Standard errors are really just as important as coefficients when estimating a relationship because they provide a critical component to inference. Without standard errors coefficients are largely uninteresting.
What does it matter that the coefficient from the estimation is say 7.3 if we do not know the standard error? If the standard error is say 1 then a 7.3 is quite different from 0, if that is what is important. However, if the standard error is instead 100, then a coefficient of 7.3 is meaningless (likely) random noise.
Standard errors are interesting because unlike coefficients they alone are interesting without even having coefficient estimates. They provide a point value which gives us insight into how much we can expect our estimates to vary.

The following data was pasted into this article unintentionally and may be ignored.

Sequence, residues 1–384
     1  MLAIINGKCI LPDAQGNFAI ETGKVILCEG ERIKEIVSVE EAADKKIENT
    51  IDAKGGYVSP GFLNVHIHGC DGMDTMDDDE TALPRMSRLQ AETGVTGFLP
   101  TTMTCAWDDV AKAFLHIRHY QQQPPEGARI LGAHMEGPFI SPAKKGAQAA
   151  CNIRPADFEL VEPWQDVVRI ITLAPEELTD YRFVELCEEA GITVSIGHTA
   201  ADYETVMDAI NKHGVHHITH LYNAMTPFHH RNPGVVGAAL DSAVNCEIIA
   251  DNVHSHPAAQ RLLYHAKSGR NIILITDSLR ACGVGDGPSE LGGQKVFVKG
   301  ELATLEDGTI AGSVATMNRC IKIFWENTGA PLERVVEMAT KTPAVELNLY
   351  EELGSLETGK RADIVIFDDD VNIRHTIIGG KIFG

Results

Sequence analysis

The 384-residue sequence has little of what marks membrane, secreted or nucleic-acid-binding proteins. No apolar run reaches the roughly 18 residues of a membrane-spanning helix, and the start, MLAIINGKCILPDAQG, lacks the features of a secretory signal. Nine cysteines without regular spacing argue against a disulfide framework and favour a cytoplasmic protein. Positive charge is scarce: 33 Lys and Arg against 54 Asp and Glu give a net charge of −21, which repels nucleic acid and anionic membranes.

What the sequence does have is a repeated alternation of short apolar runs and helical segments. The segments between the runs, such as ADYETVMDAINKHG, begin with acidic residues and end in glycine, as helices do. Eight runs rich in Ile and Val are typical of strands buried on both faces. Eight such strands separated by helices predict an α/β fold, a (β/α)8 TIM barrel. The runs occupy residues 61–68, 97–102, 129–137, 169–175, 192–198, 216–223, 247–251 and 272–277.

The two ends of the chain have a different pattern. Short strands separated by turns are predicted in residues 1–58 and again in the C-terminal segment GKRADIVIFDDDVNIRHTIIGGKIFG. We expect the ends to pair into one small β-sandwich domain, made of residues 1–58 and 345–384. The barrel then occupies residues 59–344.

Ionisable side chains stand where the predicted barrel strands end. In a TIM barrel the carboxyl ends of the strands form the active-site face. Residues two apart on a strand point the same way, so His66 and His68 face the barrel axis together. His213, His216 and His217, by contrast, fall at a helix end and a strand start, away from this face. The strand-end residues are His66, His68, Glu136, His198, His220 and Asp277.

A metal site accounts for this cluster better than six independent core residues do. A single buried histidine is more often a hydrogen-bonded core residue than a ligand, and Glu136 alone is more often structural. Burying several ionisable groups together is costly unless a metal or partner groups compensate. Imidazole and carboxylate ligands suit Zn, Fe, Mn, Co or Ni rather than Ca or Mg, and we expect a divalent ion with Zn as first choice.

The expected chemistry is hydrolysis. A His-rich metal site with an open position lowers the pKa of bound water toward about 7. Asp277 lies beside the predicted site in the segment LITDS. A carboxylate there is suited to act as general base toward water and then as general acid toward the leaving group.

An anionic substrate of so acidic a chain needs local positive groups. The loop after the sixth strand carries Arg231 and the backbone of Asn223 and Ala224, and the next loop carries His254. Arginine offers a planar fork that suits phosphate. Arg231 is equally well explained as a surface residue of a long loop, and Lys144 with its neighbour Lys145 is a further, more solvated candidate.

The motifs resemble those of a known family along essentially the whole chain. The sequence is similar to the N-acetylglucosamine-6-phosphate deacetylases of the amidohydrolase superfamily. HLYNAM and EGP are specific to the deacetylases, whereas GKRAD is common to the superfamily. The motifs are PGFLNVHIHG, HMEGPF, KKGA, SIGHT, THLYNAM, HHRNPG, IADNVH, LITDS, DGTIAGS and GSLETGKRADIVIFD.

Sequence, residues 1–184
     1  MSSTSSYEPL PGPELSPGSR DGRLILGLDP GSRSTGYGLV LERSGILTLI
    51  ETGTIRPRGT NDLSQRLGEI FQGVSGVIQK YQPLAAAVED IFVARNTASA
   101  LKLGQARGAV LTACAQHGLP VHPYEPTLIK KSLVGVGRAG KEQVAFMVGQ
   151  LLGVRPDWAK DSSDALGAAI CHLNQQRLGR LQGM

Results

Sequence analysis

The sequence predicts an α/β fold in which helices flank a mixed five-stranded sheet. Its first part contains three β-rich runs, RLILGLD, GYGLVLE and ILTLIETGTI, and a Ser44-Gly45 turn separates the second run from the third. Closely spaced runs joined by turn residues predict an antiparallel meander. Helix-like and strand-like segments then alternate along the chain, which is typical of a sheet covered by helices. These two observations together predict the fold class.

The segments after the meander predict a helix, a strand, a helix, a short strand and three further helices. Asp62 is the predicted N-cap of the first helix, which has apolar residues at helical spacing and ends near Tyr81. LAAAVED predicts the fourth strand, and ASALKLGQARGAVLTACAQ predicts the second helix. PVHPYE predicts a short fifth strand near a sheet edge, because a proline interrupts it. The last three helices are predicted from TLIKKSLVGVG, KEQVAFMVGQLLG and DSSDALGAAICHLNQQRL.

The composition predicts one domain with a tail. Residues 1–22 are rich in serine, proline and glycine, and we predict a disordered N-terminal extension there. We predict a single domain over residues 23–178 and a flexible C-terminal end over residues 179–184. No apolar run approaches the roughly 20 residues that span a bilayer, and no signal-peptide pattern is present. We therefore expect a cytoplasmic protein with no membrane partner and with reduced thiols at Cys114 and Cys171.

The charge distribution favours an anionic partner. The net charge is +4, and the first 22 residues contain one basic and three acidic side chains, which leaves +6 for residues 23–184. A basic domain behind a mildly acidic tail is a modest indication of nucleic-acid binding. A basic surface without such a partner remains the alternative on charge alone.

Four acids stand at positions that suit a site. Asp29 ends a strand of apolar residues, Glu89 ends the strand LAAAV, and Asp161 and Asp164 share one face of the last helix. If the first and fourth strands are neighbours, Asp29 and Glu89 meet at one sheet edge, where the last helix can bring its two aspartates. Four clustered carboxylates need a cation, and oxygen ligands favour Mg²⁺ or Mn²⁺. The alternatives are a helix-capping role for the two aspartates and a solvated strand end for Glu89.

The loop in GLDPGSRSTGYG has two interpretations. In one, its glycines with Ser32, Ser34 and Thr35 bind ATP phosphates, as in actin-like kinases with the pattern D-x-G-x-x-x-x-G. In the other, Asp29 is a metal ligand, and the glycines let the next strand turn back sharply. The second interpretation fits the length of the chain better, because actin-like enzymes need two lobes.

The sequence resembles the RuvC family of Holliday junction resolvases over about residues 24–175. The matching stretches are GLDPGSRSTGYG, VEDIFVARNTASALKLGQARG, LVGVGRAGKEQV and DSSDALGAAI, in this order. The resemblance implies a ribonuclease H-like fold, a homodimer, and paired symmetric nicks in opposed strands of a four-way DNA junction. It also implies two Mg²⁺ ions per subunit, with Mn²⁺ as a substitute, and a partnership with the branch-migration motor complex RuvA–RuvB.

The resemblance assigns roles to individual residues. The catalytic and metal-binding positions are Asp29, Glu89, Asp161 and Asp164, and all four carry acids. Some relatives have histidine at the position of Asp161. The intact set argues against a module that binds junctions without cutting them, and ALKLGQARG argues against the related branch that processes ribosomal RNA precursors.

Likewise, standard errors are often much more difficult to calculate than coefficients and even more sensitive to correct specification. Biased standard errors can have the effect of making an outcome look less likely than it actually is (over-reject the null) or more likely than it actually is (under-reject the null).
A good example is failing to cluster standards errors when appropriate. Not clustering standard errors when appropriate might be a problem if you had data from twenty different summer camps. Not clustering data by summer camp but evaluating student outcomes is implicitly arguing that the outcomes of camp goers at the summer camps are independent of each other camp goer. Clustering at the camp level however allows for each camp to have common shared shock (error) that season.